Tuesday, April 14, 2009

Tea For Two (Million)

The news has been awash of late with stories about these teabag parties taking place on Tax Day (like it's a holiday or something ... sheesh). For those of you that have been hiding under rocks, burying their heads in the sand or otherwise doing the equivalent of sticking their fingers in their ears and saying loudly "La-la-la-I-can't-hear-you" I will explain.

On April 15th, 2009, people across the country will be taking part in protests against excessive taxation by staging a sort-of-reenactment of the Boston Tea Party in 1773. The difference being that instead of taxation without representation they'll be protesting taxation WITH representation and instead of throwing a couple tons of tea overboard into Boston Harbor they'll being throwing a few teabags into red plastic buckets they buy at Ikea.

The important thing to remember here is that in 1773, colonists were protesting a tax on TEA. Their reasoning was that if the tea was destroyed and never actually made it into circulation it could not be taxed. They felt strongly enough about the inequity of the tax on tea that they were willing to go without tea to avoid paying the tax.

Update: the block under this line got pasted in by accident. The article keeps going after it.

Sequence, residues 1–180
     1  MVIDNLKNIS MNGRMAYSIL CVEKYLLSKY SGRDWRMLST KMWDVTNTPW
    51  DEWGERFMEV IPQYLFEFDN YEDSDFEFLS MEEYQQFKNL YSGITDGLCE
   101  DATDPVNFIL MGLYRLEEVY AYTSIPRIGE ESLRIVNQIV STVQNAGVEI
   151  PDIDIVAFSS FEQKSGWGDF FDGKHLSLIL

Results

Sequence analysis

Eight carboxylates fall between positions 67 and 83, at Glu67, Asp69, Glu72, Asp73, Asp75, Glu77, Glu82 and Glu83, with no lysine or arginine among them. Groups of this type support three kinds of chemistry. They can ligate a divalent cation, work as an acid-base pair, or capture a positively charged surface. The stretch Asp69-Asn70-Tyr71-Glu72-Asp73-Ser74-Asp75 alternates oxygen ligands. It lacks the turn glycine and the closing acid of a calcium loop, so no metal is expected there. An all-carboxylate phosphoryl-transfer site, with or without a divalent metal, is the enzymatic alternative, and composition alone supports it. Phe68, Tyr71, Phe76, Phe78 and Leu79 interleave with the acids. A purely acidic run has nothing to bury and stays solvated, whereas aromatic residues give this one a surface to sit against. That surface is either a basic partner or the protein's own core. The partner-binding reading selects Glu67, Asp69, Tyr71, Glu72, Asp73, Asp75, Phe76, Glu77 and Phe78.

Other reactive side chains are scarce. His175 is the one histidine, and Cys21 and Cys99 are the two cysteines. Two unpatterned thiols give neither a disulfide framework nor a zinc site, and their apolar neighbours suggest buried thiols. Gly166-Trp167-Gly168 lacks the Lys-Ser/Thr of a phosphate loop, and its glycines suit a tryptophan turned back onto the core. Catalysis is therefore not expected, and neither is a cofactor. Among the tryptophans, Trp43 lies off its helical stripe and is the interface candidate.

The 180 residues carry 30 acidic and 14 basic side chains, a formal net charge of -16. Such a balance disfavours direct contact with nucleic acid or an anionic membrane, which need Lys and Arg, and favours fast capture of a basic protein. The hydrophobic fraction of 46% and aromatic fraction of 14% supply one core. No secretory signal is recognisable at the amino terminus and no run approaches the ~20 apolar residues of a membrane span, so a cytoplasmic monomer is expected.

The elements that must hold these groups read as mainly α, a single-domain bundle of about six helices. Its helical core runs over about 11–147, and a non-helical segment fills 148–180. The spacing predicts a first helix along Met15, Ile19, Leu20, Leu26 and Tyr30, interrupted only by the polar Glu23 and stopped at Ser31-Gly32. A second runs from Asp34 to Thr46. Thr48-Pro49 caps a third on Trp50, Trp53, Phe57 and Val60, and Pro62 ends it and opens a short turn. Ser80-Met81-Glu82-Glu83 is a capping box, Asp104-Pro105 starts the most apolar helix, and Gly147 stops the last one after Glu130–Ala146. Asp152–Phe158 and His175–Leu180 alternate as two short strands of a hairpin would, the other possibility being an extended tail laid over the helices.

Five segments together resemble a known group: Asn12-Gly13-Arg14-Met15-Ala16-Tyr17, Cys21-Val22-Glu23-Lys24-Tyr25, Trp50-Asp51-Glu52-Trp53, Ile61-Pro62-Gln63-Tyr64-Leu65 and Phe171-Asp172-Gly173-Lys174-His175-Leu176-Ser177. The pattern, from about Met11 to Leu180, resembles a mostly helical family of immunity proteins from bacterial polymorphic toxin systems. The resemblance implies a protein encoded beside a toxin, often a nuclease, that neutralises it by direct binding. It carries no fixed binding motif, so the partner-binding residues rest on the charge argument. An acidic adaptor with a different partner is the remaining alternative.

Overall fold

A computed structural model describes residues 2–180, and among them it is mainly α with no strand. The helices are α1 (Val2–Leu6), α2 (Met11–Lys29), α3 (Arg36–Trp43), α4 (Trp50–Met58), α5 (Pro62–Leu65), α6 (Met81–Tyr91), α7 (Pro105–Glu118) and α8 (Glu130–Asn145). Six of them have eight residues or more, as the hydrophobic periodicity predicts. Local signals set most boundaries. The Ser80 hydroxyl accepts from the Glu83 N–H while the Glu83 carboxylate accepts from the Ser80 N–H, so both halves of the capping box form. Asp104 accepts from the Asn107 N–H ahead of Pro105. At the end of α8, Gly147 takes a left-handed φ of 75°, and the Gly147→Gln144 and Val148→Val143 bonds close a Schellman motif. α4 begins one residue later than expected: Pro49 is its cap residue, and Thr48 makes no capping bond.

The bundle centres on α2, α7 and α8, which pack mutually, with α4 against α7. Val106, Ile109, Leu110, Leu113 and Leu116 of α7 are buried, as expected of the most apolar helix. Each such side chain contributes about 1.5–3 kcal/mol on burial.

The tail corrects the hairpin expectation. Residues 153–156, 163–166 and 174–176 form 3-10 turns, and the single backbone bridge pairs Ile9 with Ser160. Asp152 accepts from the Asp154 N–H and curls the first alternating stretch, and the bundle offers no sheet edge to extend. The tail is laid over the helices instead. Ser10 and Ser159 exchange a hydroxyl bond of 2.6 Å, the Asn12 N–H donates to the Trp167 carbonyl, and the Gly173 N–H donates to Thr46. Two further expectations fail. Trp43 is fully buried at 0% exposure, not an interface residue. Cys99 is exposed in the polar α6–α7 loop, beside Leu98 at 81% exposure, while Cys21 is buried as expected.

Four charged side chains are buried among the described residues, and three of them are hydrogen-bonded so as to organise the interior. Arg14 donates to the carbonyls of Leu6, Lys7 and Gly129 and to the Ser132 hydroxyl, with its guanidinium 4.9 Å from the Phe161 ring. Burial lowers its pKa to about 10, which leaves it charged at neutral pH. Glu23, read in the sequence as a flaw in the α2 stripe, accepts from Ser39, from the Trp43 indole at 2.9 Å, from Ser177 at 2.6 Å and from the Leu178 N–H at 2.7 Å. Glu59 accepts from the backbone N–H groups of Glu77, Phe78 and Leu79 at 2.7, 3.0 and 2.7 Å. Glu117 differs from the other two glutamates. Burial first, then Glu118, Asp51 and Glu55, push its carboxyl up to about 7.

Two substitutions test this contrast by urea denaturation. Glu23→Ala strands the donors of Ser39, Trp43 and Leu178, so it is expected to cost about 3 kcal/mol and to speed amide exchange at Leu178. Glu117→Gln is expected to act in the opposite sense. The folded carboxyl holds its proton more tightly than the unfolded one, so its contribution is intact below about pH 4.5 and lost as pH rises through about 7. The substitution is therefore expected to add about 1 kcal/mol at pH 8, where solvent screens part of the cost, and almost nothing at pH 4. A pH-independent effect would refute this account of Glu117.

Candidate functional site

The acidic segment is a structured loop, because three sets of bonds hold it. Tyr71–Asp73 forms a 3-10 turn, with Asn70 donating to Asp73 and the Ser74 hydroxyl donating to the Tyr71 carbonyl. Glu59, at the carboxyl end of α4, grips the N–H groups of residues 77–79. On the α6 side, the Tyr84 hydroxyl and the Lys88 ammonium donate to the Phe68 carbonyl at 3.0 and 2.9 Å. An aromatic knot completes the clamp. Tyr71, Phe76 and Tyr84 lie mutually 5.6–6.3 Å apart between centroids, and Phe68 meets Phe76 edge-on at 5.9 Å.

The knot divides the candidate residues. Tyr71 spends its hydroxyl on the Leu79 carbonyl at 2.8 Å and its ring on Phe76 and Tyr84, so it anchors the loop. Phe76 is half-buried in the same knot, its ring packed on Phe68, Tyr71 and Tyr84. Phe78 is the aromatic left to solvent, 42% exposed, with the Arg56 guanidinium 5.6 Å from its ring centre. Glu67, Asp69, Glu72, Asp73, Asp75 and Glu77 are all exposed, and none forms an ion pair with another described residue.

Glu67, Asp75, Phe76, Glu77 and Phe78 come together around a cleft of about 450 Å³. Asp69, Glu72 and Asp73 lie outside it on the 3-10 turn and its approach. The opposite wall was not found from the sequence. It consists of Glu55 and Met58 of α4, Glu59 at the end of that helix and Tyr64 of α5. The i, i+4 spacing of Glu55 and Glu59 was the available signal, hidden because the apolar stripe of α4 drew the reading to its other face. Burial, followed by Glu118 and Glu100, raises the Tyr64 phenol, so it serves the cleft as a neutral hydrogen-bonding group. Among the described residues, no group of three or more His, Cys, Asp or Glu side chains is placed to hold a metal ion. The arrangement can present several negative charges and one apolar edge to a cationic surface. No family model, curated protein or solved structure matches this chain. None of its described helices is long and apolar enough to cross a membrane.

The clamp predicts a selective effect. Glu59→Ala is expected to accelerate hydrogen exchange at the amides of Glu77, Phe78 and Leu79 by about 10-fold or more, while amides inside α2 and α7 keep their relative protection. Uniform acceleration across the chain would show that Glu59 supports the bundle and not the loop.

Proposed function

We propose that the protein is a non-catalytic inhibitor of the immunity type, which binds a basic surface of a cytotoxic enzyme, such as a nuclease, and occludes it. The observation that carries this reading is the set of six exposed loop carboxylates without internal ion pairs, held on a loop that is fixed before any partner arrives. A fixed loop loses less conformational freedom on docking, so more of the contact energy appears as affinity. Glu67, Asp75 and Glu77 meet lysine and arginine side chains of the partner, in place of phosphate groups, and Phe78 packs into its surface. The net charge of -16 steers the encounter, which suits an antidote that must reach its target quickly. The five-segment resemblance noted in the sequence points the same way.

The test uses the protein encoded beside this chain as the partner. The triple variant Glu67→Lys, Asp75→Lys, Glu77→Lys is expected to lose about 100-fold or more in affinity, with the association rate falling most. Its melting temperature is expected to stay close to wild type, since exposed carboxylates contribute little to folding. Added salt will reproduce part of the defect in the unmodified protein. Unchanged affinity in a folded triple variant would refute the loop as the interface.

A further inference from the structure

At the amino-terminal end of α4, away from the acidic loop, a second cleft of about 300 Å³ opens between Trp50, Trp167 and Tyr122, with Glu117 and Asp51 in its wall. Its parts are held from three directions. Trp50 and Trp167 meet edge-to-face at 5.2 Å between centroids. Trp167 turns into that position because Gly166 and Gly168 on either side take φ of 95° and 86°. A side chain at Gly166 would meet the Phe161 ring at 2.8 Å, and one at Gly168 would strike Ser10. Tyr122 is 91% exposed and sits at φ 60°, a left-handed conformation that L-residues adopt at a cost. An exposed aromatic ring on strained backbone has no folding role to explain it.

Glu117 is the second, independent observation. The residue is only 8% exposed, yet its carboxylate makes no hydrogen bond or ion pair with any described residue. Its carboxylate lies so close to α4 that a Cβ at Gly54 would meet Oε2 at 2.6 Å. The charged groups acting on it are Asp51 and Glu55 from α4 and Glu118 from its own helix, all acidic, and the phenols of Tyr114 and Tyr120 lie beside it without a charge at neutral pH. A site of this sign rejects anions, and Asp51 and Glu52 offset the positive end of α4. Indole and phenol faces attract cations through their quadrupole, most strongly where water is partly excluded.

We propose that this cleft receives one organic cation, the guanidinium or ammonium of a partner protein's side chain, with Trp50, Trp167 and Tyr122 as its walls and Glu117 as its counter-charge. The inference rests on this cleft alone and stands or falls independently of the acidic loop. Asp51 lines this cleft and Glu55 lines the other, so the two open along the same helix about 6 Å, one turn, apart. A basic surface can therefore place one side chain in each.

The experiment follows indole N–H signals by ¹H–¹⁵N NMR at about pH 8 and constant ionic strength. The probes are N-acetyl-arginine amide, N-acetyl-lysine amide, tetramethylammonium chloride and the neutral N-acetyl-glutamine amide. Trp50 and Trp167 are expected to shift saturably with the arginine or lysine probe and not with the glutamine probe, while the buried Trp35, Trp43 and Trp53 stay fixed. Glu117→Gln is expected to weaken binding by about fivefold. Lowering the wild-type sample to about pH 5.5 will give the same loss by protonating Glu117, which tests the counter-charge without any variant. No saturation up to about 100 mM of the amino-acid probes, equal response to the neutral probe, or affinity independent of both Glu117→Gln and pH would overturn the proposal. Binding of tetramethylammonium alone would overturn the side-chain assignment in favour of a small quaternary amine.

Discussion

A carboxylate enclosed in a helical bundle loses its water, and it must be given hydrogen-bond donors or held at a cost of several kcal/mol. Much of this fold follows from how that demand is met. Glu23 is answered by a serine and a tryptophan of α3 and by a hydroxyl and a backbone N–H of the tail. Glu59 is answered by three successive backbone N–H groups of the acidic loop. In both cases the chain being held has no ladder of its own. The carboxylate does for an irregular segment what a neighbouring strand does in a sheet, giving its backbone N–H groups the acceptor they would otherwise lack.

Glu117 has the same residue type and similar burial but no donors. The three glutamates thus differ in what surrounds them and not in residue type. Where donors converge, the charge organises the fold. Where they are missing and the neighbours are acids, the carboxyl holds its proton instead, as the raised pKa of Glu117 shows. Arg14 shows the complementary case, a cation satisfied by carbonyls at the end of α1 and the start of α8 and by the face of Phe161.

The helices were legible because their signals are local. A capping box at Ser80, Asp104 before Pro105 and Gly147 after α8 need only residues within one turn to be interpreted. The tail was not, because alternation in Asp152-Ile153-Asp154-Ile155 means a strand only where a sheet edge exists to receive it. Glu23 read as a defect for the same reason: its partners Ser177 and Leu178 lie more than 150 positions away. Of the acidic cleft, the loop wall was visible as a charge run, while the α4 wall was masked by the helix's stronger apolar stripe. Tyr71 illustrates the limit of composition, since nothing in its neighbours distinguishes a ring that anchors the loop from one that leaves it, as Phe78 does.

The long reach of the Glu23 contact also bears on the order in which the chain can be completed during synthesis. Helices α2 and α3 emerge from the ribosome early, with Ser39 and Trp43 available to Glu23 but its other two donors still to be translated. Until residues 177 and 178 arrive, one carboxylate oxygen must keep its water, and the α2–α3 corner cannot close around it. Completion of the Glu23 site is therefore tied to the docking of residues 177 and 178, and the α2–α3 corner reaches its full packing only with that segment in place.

This might not seem like a big deal now, but understand that in 1773 the afternoon tea was a social fixture among all classes of citizens. The reasons for this are obscure (meaning I don't want to look them up), but I suspect that it's because you'd feel like an idiot wearing a powdered wig and sipping brown liquor from a china cup with your pinky extended.

Following this reasoning it would make sense that the "teabaggers" as they have come to call themselves (and I don't think they are fully aware of the extremely intimate act this is a euphemism for) would, instead of throwing away tea, throw away the thing that is being taxed. Being the bastions of moral integrity these people claim to be, if they feel this strongly about it they should do without the thing being taxed rather than pay what they see as an unjust tax.

The thing being taxed, of course, is their income. Therefore it only seems right that, instead of throwing away teabags, they should throw their entire income into those red Ikea buckets.

Now, I can already hear some of you out there getting ramped up to point out that having big red buckets of cash lying around isn't exactly a bright idea. I'm way ahead of you. This is why I am selflessly volunteering to collect the cash myself and make sure that it gets distributed properly (or, to put it another way, Daddy needs a new fridge).

There's no need to thank me. I'm just doing my part to protext the First Amendment. I gotta lie down.

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